Shares of Pinterest (NYSE:PINS) were down by double digits after the company posted first-quarter earnings, despite the report being stellar.
Revenue in the quarter jumped 78% to $485 million, beating the company's own guidance and the consensus at $473.7 million. On the bottom line, the company posted its third straight quarter of positive adjusted EBITDA at $84 million or 16% of revenue, a sign the company has become reliably profitable. On an adjusted basis, the company posted a per-share profit of $0.07, which matched estimates.
Guidance was also strong, despite uncertainty around the pandemic. The company forecast revenue growth of 105% in the second quarter to $558 million, ahead of the consensus at $530 million.
Those numbers show that the business has continued to thrive during the pandemic, having benefited from increased screen time and the broader shift to digital advertising. Nonetheless, Pinterest entered the report with its stock having more than tripled over the last year, meaning high expectations were priced in.
Commentary from management in the shareholder letter seemed to explain why the stock was selling off:
"Since Q2 2020, we have noted the strong correlation between lockdowns and engagement on Pinterest. We believe that lockdowns probably pulled forward some user growth during 2020, particularly in the US where our service has been available longer. Starting in mid-March, the easing of pandemic restrictions slowed US MAU growth and lowered engagement year over year as people spent less time online. In Q1, we saw good retention of the MAUs we gained during 2020, but we still don't know if or how long this retention will last. Our understanding of future engagement levels is similarly limited."
In other words, the economic reopening is a headwind for the company, and users are likely to spend more time offline as it gets safer to return to pre-pandemic lifestyles. In its guidance, management said that monthly active users (MAUs) would be flat in the U.S. year-over-year -- though that shouldn't be a surprise, as the metric has been flat over the last three quarters at 98 million. The company saw a surge in users when the pandemic first hit, and seems to be experiencing a pull-forward effect similar to other pandemic winners like Netflix, which saw a surge in new subscribers in the first half of last year and a sharp slowdown more recently.
The long-term still looks bright
In addition to the strong results and blowout second-quarter guidance, there was plenty of evidence that Pinterest's momentum continues to build toward a massive long-term opportunity. For instance, the company just launched ads in Brazil in the first quarter, its first country in Latin America, and will launch ads in Mexico in May. Brazil is the ninth-largest economy in the world, and a reminder that Pinterest has only just begun to monetize its platform across much of the world. Though the U.S. market appears to be maturing at roughly 100 million monthly users, the company is seeing impressive growth internationally: International MAUs jumped 30% year-over-year to 380 million, and revenue was up 170% . The international segment made up about 20% of total revenue in the quarter, a record, and should help fuel revenue growth going forward.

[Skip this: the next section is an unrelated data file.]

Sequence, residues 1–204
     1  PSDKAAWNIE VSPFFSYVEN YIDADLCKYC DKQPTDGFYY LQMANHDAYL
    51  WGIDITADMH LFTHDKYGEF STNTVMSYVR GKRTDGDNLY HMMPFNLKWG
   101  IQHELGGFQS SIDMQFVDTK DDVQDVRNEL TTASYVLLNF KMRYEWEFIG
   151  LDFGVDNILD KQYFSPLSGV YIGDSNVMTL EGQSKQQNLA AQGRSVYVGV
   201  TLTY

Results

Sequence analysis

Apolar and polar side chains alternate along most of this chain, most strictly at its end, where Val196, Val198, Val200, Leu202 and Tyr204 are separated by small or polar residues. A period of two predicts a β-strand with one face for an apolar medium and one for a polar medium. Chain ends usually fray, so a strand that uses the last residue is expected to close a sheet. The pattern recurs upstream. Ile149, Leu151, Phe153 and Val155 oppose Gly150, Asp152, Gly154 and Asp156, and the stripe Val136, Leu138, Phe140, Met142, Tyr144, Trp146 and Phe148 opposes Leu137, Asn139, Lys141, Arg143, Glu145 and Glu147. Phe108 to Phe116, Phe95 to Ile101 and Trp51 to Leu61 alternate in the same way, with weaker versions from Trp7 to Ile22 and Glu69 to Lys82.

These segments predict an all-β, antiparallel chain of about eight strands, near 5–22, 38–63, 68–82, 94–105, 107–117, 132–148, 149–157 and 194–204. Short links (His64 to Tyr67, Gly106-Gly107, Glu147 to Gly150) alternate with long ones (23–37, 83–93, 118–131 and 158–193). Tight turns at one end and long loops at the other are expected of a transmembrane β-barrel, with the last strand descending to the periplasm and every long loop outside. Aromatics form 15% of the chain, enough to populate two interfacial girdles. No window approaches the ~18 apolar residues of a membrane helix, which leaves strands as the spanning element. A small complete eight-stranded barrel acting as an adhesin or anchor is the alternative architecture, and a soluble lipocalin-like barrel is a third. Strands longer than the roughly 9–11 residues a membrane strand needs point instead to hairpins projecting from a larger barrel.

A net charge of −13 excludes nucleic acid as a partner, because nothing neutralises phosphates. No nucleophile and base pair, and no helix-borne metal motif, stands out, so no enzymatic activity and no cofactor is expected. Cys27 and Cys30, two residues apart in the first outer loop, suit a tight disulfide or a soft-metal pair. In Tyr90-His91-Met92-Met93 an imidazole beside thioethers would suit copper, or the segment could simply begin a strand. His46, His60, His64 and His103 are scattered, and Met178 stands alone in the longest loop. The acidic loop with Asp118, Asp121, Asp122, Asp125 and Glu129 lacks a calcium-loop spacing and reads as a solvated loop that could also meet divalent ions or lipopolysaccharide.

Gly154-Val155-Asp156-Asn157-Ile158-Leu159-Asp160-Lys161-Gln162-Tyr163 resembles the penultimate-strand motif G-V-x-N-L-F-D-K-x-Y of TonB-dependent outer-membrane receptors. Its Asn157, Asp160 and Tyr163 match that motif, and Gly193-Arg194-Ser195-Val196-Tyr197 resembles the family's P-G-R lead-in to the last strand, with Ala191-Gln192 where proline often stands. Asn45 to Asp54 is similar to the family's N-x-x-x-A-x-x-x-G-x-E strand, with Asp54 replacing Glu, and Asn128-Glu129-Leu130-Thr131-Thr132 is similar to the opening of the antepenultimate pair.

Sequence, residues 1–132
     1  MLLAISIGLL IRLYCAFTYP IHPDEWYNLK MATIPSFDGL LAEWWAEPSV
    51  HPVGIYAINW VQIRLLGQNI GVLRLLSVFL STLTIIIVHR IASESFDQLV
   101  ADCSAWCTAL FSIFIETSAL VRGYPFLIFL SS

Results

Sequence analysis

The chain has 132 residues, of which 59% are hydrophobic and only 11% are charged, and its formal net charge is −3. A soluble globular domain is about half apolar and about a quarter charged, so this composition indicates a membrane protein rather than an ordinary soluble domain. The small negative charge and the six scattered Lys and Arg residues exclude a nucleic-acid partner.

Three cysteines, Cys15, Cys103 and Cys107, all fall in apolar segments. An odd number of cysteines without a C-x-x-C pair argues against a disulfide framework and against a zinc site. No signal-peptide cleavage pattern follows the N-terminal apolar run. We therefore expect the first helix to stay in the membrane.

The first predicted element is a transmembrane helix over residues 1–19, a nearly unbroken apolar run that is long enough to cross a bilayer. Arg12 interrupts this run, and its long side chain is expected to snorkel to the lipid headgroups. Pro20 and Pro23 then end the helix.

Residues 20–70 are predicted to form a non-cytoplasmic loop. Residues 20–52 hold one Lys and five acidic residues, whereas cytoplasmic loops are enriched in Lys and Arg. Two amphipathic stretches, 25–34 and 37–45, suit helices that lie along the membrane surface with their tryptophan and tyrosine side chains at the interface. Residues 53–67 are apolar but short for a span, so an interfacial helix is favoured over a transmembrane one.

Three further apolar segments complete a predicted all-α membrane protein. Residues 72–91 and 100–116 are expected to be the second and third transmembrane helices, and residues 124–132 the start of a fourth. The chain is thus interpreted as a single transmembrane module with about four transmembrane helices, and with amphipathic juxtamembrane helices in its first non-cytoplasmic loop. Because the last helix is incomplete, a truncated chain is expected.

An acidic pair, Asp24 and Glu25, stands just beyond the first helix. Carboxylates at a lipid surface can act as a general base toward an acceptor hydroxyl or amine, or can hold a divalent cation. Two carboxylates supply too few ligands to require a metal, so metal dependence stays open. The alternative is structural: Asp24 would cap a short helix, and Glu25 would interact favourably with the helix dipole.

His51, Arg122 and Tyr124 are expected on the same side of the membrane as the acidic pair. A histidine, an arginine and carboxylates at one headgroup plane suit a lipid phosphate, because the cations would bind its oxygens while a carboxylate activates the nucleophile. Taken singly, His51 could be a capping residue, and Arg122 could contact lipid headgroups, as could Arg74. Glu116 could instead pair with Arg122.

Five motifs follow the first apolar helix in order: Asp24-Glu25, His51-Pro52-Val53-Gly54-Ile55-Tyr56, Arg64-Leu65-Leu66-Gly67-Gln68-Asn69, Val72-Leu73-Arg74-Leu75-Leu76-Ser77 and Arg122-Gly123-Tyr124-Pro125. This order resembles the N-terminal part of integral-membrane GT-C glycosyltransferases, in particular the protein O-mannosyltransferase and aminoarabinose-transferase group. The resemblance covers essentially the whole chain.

Elsewhere, Pinterest saw solid engagement with shopping products, a favorable sign for reopening as e-commerce provides additional value for advertisers, and the company noted strong engagement from Gen Z, showing it's resonating with the youngest generation of consumers . Profitability is also ramping up quickly, which highlights the scalability of its model.
Why you should ignore the sell-off
This looks like a short-term sell-off that's based much more on the company's current valuation than its long-term trajectory. Slowing user growth is less of a concern than it might seem -- the company still has a long way to go toward monetizing its user base, and with 98 million users it already counts more than a third of adults in the U.S. as monthly users. In the first quarter, its average revenue per user in the U.S. was $3.99. By comparison, Facebook's was $34.18 in the first quarter a year ago.
After the sell-off, Pinterest stock doesn't even look that expensive. The company is on track for at least $2.5 billion in revenue this year, according to analyst estimates, meaning the stock is trading at a price-to-sales ratio of 18, lower than many slower-growing tech stocks.
Pinterest's guidance also makes clear that any slowdown in user growth isn't currently affecting the business. Even on a sequential basis revenue is expected to grow 18%, showing the forecast is more than simply lapping the weak lockdown period a year ago.
For long-term investors, a post-earnings sell-off on a mostly positive report is generally a great buying opportunity. Now looks like one of those occasions.